pushing my luck
She’s got big plans…that don’t include you.
~Tom Waits, “You Can’t Unring a Bell”
Sometimes a city rolls out her sidewalks,
letting my boot heels tap the soft places
in search of a vein. I walk loud like I know
the place and I startle the pigeons.
If I’m feeling lucky, I make eye contact
with homeless men until I’m out of dollars.
Manhole covers and cathedrals speak
to me—foreign accents on a common tongue
I was not so much taught, but born to. If I’m lucky,
they’ll lead me to the city’s scattered secrets—
hedgerows of lilac or an abandoned factory.
A saxophone on the courthouse steps.
Better yet, construction crews tearing up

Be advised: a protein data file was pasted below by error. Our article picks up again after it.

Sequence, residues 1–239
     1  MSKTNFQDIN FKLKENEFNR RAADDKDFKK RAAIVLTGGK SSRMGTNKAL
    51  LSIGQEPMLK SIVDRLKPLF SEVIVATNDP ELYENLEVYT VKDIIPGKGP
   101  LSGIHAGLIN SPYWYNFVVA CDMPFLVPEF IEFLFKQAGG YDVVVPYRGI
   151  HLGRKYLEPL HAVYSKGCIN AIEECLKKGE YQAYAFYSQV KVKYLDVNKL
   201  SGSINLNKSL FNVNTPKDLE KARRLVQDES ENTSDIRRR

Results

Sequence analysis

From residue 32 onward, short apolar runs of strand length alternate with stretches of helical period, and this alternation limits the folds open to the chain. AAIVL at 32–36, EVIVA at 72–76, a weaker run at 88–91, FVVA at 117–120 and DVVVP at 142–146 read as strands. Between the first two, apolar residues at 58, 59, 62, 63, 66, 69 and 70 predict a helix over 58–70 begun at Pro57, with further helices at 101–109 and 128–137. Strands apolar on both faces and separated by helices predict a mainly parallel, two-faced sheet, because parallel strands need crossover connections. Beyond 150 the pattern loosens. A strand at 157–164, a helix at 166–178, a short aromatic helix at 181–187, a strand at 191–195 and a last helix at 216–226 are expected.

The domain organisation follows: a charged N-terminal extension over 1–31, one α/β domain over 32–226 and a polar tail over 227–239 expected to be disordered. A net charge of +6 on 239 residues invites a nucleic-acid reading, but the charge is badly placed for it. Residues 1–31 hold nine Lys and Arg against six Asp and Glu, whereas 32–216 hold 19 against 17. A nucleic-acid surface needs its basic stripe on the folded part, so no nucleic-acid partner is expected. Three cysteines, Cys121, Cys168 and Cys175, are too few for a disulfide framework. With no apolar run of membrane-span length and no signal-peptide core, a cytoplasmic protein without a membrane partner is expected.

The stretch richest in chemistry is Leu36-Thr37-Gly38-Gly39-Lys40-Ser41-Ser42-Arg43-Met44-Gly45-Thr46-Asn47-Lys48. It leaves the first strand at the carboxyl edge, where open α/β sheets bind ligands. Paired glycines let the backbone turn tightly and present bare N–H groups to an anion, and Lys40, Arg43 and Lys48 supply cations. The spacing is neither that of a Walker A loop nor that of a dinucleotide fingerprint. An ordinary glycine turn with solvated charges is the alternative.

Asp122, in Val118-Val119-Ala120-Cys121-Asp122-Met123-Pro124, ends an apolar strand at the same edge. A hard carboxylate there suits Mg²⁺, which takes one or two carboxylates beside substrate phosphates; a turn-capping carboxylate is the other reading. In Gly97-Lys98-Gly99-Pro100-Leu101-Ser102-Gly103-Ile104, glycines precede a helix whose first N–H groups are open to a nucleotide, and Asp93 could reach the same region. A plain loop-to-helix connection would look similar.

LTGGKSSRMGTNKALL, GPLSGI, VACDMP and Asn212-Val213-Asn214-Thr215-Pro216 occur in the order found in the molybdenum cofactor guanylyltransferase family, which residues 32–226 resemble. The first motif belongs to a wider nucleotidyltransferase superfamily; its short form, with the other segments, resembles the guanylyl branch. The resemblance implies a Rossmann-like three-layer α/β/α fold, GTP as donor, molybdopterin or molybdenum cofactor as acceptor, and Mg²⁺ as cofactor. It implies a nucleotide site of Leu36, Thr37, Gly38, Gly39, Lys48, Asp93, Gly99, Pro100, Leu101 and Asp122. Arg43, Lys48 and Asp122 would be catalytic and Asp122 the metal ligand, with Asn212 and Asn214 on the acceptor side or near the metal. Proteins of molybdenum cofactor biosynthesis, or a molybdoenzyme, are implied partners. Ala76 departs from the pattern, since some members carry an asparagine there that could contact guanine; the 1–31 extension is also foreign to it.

the streets. Once, in Minneapolis, I watched
a big man in a yellow harness and a hard hat
get lowered into the vessels that run underneath.
In a lucky city, the buildings loom gently
like a worried friend, and I will dare to walk
farther than my lover would care to imagine.
He doesn’t understand how good I am at this.
Wouldn’t forgive me for the man on the bus
who said, “I’d ask you to join me for dinner,
but you look like you have plans.”
About the writer:
Anna Weaver writes as a former soldier, a mind imprinted under Oklahoma sky, and a woman “with loyalties scattered over the landscape.” Her poems have appeared in Connotation Press, O-Dark-Thirty, One, and elsewhere—earning nominations for the Pushcart and other prizes. She has performed her poetry in 27 states.